The medical establishment recognizes acute Lyme disease as a bacterial infection transmitted to humans by bites of the brown deer tick. Doctors treat it with a short-term course of antibiotics. They say chronic Lyme disease, meanwhile, doesn’t exist, and patients who say they have it are the victims of hype and hysteria.

The “Lyme-literate” community, on the other hand, says mainstream physicians have placed incomplete science ahead of patient health by not taking seriously the complaints of patients who say they have chronic Lyme and by opposing the massive doses of antibiotics that can keep symptoms in check.

It’s a complicated debate, charged politically, emotionally, financially and professionally, with some doctors putting their licenses and their livelihoods on the line to treat patients who they believe suffer from chronic Lyme.

In our video trailer, we lay out the complex framework for the story behind the chronic Lyme debate.

Entry Link:

lyme_video.pdf (318 KB)

This post was submitted by megmartin.

South Brooklyn Post

South Brooklyn Post is a hyper-local news webzine dedicated to clean, crisp design, quality photojournalism and in-depth reporting on issues important to our community. South Brooklyn Post was launched by a news reporter, a photojournalist and a web designer with the belief that people are looking for something fresh and new in the online news arena. South Brooklyn Post uses white space and emphasizes quality over quantity in the selection and presentation of news to produce a magazine-style local newspaper.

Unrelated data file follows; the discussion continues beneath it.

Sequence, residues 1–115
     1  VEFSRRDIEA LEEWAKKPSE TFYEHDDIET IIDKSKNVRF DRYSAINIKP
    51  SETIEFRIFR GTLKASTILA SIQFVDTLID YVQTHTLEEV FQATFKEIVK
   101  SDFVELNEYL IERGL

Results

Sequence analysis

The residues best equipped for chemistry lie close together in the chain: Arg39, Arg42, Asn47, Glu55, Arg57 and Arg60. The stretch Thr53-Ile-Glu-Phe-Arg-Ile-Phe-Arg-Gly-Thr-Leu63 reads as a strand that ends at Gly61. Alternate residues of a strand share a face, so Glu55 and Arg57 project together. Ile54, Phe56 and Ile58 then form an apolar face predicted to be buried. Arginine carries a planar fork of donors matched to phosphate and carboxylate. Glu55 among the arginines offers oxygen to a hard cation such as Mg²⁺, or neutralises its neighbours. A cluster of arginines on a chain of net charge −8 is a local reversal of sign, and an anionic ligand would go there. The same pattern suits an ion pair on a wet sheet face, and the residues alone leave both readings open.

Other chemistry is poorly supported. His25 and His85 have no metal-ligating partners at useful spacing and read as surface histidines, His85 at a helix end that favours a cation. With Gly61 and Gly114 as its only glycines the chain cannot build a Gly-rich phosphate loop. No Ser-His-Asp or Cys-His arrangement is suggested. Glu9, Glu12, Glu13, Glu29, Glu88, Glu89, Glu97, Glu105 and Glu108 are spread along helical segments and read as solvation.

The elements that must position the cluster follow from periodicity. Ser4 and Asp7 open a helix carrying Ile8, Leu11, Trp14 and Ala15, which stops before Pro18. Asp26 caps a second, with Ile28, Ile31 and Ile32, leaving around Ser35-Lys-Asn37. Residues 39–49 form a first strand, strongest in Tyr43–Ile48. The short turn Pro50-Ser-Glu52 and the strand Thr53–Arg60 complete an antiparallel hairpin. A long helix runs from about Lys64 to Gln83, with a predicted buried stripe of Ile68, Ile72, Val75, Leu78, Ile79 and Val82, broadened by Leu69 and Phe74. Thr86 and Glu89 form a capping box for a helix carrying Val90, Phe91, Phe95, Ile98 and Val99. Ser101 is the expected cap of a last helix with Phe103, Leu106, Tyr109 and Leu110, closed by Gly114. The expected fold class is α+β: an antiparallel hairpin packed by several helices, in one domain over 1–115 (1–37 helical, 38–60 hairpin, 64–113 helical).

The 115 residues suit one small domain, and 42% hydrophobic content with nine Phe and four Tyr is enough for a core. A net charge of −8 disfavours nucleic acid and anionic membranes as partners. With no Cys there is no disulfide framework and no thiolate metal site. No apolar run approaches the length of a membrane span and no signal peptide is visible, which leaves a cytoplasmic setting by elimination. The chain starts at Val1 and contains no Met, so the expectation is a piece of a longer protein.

Our clean design was conceived to appeal to older, non-web savvy readers as well as the young, online-all-the-time reader.
The daily webzine covers news, culture, art, design, food, restaurants, schools, crime and the environment. It was launched in November 2010.
South Brooklyn Post has broken news on a major source of local air pollution and on a spike in local robberies, among other stories.
The uploaded features were published in October, 2010, and in December, 2010.

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This post was submitted by liscol_sbp.

Chicago Tribune for iPhone, Android